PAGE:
- Mozambique dancer heads home to share his passion
By Neil Armstrong
Dancer Pulga Mu-chochoma, 25, of Mozambique is looking forward to visit his homeland later this month to share his dance skills with dancers between the ages of 18 and 35. But, he is also excited about seeing his father, Cesar Muchochoma, a few days after Father’s Day. He leaves Toronto on June 17 after a performance in Ottawa and will finally see his father four days after being home.
The last time he saw his father and other family members was in July 2010 when he visited to participate in a project of Shakespeare Link Canada and the Mozambique-based Montes Namuli Theatre Company where he was once a dancer.
He will be teaching modern dance and will be choreographing a theatrical piece. This will be the fourth time that Muchochoma has visited Mozambique since migrating to Canada.
Sponsored by Kennedy Cathy MacKinnon, artistic director of Shakespeare Link, Muchochoma came to Canada in 2006 and was enrolled in the Toronto Dance Theatre School where he graduated and now dances with the Toronto Dance Theatre Company.
He says his professional dancing has made him a more open person and he has grown to know himself much better. Coming from a Portuguese-speaking country, Muchochoma did not speak any English but determined to communicate with his colleagues he learnt English.
“My goal was not to hang out with Portuguese-speaking people because I felt that was not the best way for me to learn English. I wanted to be in a crowd of people speaking a language that I don’t know so I can keep asking myself ‘what’s this, what’s that.’
Many people from the Toronto School of Dance Theatre really helped me out with speaking,” he said. He also attended an English as a Second Language (ESL) course for one year, read books and watched movies with English subtitles.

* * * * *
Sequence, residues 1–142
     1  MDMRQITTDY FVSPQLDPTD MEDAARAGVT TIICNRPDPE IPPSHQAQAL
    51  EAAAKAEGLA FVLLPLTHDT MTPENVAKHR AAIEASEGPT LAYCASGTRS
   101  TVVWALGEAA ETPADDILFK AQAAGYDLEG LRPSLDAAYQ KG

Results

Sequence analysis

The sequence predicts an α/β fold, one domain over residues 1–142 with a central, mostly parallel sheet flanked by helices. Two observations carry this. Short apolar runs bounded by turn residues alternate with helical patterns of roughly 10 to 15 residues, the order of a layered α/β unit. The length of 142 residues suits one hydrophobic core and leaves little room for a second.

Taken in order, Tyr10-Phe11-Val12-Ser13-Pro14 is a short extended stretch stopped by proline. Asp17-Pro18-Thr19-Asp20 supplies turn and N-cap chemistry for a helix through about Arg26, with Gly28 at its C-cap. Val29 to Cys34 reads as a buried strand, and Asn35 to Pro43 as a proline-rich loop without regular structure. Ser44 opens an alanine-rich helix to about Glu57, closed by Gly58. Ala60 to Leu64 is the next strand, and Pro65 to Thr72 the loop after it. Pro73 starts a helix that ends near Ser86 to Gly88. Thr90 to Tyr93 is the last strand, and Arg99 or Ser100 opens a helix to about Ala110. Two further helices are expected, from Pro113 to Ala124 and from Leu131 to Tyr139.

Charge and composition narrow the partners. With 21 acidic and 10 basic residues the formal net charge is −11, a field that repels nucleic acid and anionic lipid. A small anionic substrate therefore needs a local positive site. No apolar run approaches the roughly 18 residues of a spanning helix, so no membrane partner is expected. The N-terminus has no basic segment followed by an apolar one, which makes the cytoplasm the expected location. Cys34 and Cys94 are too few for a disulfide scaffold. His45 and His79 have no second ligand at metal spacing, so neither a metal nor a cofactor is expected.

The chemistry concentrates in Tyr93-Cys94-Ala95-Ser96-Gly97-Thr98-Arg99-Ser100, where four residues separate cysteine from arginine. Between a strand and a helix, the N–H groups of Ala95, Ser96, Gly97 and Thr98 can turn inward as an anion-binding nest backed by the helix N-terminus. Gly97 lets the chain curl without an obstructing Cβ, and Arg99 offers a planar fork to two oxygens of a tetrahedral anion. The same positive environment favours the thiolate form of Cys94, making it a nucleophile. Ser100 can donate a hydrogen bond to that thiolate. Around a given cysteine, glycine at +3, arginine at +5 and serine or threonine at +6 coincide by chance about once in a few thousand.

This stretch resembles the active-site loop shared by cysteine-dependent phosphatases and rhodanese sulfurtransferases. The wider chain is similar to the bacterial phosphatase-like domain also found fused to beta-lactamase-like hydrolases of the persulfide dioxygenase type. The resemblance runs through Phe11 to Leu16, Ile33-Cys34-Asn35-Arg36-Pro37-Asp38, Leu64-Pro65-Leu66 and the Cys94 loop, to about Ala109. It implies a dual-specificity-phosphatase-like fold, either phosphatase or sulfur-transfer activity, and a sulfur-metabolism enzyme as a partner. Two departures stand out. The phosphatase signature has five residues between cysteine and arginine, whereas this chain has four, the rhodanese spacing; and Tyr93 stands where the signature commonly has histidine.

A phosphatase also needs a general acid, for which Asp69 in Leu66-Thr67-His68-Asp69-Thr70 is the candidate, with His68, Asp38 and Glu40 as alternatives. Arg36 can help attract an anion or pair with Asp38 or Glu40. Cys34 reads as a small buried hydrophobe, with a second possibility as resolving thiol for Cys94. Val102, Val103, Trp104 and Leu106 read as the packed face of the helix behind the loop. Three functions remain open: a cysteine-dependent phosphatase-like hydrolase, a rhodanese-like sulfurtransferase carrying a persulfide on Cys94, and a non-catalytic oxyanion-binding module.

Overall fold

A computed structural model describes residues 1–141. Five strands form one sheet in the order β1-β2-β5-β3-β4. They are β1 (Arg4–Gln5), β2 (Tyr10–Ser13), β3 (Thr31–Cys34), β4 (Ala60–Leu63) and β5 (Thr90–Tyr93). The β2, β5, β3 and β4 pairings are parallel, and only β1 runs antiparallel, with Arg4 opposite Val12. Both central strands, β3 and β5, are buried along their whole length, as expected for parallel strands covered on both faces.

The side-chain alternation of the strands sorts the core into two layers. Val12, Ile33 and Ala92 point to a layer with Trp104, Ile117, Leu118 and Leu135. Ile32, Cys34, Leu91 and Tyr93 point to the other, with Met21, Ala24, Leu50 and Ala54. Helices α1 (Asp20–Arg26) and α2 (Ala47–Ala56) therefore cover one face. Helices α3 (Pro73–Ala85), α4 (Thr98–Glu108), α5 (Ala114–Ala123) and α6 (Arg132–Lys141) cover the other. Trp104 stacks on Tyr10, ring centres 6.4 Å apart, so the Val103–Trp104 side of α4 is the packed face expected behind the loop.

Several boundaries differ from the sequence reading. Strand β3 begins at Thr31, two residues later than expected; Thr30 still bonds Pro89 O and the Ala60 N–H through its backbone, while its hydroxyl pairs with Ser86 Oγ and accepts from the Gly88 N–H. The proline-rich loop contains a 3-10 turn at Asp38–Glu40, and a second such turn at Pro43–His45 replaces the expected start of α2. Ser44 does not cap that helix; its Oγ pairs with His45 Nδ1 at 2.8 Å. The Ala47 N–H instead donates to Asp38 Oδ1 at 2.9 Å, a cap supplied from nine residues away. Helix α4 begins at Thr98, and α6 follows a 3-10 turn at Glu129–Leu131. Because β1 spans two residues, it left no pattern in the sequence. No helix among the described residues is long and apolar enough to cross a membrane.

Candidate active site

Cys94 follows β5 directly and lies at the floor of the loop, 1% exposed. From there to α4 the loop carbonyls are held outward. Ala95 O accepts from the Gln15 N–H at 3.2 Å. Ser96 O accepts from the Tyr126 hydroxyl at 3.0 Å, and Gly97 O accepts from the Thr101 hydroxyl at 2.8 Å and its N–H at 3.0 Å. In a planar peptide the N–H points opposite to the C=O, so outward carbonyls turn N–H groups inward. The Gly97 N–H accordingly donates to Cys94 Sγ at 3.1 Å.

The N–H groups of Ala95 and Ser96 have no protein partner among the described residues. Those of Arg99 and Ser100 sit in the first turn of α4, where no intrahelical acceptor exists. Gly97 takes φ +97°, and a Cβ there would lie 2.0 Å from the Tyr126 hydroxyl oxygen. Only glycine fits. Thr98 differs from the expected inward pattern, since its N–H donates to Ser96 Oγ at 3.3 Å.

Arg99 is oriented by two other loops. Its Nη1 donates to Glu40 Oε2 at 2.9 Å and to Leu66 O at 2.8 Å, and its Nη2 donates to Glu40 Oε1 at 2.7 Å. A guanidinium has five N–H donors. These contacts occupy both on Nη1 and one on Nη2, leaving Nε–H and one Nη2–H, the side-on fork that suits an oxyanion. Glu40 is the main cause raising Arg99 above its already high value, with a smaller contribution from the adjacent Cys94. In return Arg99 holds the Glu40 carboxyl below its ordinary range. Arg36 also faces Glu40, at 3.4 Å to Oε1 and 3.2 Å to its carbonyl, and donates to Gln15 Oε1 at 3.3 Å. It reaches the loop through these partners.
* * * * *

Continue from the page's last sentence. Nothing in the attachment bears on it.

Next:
He also helped his sponsor in the kitchen where she taught him the English words for whatever was being used to cook a meal. He is still learning as he is not confident that he knows the language well enough.
Muchochoma says whenever he goes to Mozambique to teach dancers he reconnects with colleagues, some of whom were just as good as he or much better dancers.
He says working with the company feels good because the dancers don’t have as much training and his responsibility is to do his best to bring them to a place where they feel like they can be striving for more and more.
He considers it an exchange of technique - “Things that they will know will make me look for something to do for them.” He will also learn more African dance from them, something that they do all the time.
Shakespeare Link ‘s co-creation with Montes Namuli — The Africa Project, Dance with Us - Not with AIDS — helps to promote HIV/AIDS awareness and education and gender equality.
For a long time the Nontes Namuli Company has been very active in transforming dance into theatre and is interested in how people learn and communicate with a view to teaching them something.
Shakespeare Link Theatre brought “A Midsummer Night’s Dream” to Mozambique. that was choreographed and changed from Shakespearian to a more cultural, African story about things such as child abuse, HIV/AIDS and women abuse.
Muchochoma says education and HIV/AIDS is an important area of the company’s work. He has seen moments during the play when the audience gets quiet in order to grasp the serious issues being explored.
He hopes that after seeing the play they will go out and spread the word to others. This is the first time that he will not be staying with family. Instead, he’ll be with the Shakespeare Link company as an interpreter since his first language is Portuguese.
However where he will be staying is 15-minute walk to his hometown and en route to the theatre. looking forward He is looking forward to meeting up with old friends for soccer, parties and reasoning with them outside his brother’s store.
He will also be teaching some of the children a few English words. This is the first time that he will visit and his older brother, who died in 2011, will not be there to meet him at the airport so he’ll be dealing with that emotional reality.
As a dancer, he has won over the support of his family who were initially apprehensive of his career choice. As a professional dancer he helps his family financially and is in the process of building a house for his father.
“It’s a career for me that has made me happy. It’s bringing more happiness in my family, they’re getting to a place where they didn’t think they would get there.”
His ultimate aim as a professional dancer is to teach fulltime and to do African dance which is where he started and what he considers his passion. He also wants to go to school to study massage therapy.